1. Ireland forever. (Extra credit answer: Gaelic.)
2. Londonderry Air. The lyrics were written by an English lawyer named Fred Weatherly to a traditional tune.
3. Green representing Roman Catholics, orange representing Protestants and white in between representing living together in peace.
4. Hearts, moons, stars and clovers. Shapes added to later versions of the cereal included horseshoes, pots of gold, rainbows and red balloons. (Extra credit answer: "They're always after 'me Lucky Charms." Or, "They're magically delicious.")
5. You can hear the angels sing. The lyrics are: "When Irish eyes are smiling, sure 'tis like the morn in spring. In the lilt of Irish laughter, you can hear the angels sing. When Irish hearts are happy, all the world seems bright and gay. And when Irish eyes are smiling, sure they steal your heart away."
6. French. Notre Dame means "Our Lady" in French.
7. Father Flanagan. (Extra credit answer: "There is no such thing as a bad boy.")
8. To scare away the devil.
9. Four. The usual distilling age is 7 to 8 years. Premium Irish whiskies are aged many more years.
10. Colcannon (Recipe here! Yumm!)
11. A cobbler or shoemaker.
12. Somebody I adore. The lyrics are: "I'm looking over a four-leaf clover that I overlooked before. One leaf is sunshine, the second is rain, third is the roses that grow in the lane. No need explaining, the one remaining is somebody I adore. I'm looking over a four-leaf clover that I overlooked before."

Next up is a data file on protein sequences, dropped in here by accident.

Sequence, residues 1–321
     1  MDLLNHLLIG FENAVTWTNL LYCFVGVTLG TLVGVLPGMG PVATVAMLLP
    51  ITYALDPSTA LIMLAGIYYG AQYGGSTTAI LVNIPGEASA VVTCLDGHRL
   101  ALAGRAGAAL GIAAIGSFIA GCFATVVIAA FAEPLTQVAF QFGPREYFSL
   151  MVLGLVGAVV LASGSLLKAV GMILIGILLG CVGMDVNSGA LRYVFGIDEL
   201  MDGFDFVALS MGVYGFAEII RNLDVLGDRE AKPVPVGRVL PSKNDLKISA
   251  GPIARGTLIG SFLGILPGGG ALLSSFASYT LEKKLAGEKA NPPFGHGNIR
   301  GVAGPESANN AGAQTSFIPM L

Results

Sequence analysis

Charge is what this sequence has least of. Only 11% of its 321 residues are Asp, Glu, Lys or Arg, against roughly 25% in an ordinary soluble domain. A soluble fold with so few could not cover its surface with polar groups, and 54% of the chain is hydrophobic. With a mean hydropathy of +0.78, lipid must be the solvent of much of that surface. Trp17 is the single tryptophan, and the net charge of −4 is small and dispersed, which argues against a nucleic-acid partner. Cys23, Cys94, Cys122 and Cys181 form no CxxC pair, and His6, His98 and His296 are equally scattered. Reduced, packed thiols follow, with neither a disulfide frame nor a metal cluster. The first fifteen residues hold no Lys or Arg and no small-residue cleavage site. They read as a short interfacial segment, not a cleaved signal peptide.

13. "Manly, yes, but I like it too."
14.  A big walking stick.
15. Water of life. It is a shortened version of the Irish word uisgebeatha. Uisge means water and beatha means life.
17. 1845-1849
16. Lamb or mutton chops.
18. Finnegans Wake.
19. In the water. It is a seaweed found along the west coast of Ireland. Also called carrageen, it is used as a thickener in puddings, soups, ice creams, cosmetics and medicines.
20.  b. One for every 350 people!

How'd you do?


Diana said...

Very nice Lisa, Happy St. Patrick's Day to you, Love Di ♥

GrandmaK said...

What fun!! Thanks! Twas grand!!! Cathy

MightyMom said...